Monday, July 29, 2013


It is easy to find fault.
It is almost natural to begin to point out the negatives, the "yeah...buts" and the "why we can'ts or the  "it won'ts"
We all do it.
But why didn't you ...? we might ask as friend
I wouldn't have bought that one  we tell a sibling.

On and on... until in any situation we have compiled a long list of "nots", a roster of  reasons to push back against whatever issue, concern, or subject  is at hand.

But what if  we, instead, look for the most beautiful thing we know about whatever is uppermost in our mind, whatever concerns us, whatever we are tempted to initially demonize.

What if we set aside our skepticism and our doubts?

What if we ask What is the "something beautiful" in this? 

  In Something Beautiful by Sharon  Dennis Wyeth,  right outside her window, a young girl faces the not-so-beautiful aspects of her neighborhood.  She sees trash, broken bottles, and a brick wall.  Someone has painted the word DIE on her building's door, and a homeless woman lives in a cardboard box and sleeps on the side walk.

Following her teacher's request, she sets out to find "something beautiful".  Polling her neighbors, she finds each has a reflective response and names a specific "something beautiful." As she continues to search for her own "something beautiful",  she also takes actions toward making her neighborhood more beautiful, as well as finding out that she is someone's "something beautiful".

In a short creative piece, The Indian Dog, N.Scott Momaday shows us the "something beautiful " about a dog he wanted  when he was growing up, but actually had no chance of keeping. Although he had purchased the dog from the owner for five dollars, he is able to finally find beautiful the fact that the dog ran away-- back to his owner:
The Indian dog had done what it had to do, had behaved exactly as it must, had been true to itself and to the sun and moon. It knew its place in the scheme of things, and its place was precisely there, with its right destiny...
This insightful piece is included in In Brief: Short Takes on the Personal edited by Judith Kitch and Mary Paumier Jones.

It may be that it is not a negative situation with which we are faced, but rather a new or unknown one--or one in which we want to explore and investigate.

We can still look for the "something beautiful."

We can ask  What is the most beautiful thing I know about this? 

For Richard Van Camp, it is horses. Being a Dogrib Indian, he knows about dogs. Folks in his tribe are not horse people. So he sets out to find out more about these animals.  He asks many family members,  friends, and neighbors What's the Most Beautiful Thing You Know about Horses?  in his book by the same title. The answers he receives are thoughtful, poetic, and practical--with each response connected to and revealing something about the responder.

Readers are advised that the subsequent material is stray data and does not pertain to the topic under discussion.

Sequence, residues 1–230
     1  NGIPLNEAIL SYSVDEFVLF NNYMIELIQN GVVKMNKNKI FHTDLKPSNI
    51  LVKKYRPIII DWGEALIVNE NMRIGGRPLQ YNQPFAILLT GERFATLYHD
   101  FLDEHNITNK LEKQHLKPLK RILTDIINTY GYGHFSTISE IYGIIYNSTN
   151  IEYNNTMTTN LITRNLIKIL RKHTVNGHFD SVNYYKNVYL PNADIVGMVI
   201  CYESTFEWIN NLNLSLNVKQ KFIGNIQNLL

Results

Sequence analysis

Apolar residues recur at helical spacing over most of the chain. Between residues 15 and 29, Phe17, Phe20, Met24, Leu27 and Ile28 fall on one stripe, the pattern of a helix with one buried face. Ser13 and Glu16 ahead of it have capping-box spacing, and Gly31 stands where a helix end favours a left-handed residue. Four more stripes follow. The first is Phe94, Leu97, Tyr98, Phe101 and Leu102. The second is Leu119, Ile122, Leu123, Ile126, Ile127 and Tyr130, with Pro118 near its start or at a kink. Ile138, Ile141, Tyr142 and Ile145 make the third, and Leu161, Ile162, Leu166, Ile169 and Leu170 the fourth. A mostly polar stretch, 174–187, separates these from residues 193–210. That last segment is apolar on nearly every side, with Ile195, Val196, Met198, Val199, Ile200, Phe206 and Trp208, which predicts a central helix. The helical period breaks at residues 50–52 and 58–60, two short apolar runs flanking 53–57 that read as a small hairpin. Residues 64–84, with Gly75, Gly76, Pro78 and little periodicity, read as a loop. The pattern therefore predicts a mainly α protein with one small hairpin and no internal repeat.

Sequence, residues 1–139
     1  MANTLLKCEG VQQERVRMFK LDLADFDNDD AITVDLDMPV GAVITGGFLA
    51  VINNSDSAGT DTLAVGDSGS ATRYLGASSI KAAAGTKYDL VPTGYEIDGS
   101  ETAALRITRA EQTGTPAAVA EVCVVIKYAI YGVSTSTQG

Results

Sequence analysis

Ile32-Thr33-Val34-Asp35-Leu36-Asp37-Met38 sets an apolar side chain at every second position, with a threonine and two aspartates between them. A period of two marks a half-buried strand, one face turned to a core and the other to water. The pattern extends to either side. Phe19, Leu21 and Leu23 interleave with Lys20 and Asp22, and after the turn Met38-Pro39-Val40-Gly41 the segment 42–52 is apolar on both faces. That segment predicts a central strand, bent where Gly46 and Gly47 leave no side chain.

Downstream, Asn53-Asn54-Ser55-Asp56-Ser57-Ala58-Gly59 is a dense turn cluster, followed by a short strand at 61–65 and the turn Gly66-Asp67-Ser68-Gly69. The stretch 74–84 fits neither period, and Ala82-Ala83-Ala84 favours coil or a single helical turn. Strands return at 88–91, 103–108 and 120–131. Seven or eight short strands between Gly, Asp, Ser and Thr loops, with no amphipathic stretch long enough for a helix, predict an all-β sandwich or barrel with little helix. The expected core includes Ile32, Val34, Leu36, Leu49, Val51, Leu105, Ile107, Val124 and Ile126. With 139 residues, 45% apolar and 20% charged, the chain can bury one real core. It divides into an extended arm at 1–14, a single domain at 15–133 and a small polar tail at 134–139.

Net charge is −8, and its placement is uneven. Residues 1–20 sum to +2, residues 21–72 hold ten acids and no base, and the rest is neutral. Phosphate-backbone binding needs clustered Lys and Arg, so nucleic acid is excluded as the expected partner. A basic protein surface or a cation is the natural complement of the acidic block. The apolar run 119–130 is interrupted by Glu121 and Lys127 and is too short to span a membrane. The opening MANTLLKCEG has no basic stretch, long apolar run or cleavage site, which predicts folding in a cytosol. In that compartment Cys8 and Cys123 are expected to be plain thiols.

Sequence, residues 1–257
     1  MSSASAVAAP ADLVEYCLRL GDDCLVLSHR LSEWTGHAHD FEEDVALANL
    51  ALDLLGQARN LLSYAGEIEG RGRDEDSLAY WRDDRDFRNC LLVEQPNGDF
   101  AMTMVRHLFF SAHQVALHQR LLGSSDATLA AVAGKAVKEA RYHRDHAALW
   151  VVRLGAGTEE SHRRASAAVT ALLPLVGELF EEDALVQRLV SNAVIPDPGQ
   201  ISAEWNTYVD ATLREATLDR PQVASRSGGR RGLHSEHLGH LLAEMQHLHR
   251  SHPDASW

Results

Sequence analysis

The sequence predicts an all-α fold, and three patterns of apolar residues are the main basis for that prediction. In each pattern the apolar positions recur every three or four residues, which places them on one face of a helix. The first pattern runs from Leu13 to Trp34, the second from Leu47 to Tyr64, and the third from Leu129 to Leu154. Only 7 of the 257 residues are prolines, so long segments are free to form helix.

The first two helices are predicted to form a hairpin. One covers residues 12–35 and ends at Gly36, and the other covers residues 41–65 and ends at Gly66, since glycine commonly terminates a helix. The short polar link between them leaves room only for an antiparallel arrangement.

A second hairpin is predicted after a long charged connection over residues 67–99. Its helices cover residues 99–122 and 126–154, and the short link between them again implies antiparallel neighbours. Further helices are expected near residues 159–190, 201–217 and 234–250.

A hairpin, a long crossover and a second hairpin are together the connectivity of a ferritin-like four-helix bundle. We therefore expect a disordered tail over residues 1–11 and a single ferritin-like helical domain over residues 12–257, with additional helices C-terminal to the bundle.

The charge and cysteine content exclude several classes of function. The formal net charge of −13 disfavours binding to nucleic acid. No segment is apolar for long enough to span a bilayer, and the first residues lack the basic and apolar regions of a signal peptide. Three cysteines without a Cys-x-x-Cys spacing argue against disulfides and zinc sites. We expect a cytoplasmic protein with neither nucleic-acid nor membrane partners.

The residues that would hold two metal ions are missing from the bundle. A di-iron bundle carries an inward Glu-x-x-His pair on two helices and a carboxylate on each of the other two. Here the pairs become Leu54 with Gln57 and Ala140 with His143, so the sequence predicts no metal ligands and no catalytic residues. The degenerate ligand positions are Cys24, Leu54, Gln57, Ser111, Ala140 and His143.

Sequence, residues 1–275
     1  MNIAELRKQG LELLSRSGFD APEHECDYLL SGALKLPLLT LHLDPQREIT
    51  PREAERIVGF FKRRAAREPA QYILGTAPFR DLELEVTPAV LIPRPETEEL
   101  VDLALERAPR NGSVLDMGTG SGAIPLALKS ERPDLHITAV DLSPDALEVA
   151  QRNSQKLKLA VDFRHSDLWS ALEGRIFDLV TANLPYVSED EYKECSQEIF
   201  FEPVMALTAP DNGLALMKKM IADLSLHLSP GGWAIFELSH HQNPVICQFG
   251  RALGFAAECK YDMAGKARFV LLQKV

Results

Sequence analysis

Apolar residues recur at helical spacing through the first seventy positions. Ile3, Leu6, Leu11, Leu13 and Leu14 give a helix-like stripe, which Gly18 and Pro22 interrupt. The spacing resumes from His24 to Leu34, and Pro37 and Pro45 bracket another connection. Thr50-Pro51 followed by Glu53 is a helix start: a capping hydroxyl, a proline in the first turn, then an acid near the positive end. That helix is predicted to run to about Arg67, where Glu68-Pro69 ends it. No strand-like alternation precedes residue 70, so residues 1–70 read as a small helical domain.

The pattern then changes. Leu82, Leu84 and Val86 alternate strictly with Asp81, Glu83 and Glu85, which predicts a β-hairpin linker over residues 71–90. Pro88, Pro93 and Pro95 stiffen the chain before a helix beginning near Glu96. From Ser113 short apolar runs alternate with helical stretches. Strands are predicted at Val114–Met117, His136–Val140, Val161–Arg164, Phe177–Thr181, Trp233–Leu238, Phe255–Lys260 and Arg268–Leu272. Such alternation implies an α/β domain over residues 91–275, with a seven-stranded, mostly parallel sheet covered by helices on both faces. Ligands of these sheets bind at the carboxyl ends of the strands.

Teacher Consultants from the 2012 CAWP summer institute gathered yesterday  in retreat, to talk and catch up, to share new ideas, to commiserate and celebrate..... and... of course,  to write.

We asked collectively What is the most beautiful thing I know about___ ?

The diverse directions in responses were as many as people present:
 We found beautiful  that moment when a  child 's uplifted hands reached for her mom, the unselfishness of a son and his fiancee in changing their wedding plans from overseas to closer to home so all the family could be present.
We searched for meaning and identity in the context of  family  and aging.
We considered the beautiful and "unbeautiful" in adoption, explored the new feelings of patriotism for a new army soldier's mom
And we traveled to Jerusalem to ask folks there What is the most beautiful thing you know about Jerusalem?

We found beauty in expected and ordinary places, as well as in unlikely and surprising places.

We challenged ourselves as this school year begins, and perhaps new challenges in our personal lives as well, to ask at ever new challenge and change:
What is the most beautiful thing I know about this?
We challenged ourselves to keep this question in the forefront, asking it not only  of ourselves, but our of colleagues and family and friends, as well.

What is the most beautiful thing you know about.___?

Today's Deeper Writing Possibilities

As you reflect on your work, your personal life, your relationships and all that is involved in being the public and personal you, ask:  What is the most beautiful thing I know about.___?

You may think about your family- spouse, child, mother or father,friend-- or an object
or you may think about your school year-- your classroom, your students or a particular student, education, teaching or a particular subject/concept that you teach.

If you are not a teacher, you may think about your  work or studies or hobbies.

Try writing  your own response to the question that you pose.  

It may be an essay, narrative or poem.
Or you may want to poses your question, and then write as if many other people are responding--write what you imagine their responses to be, write from their perspectives.


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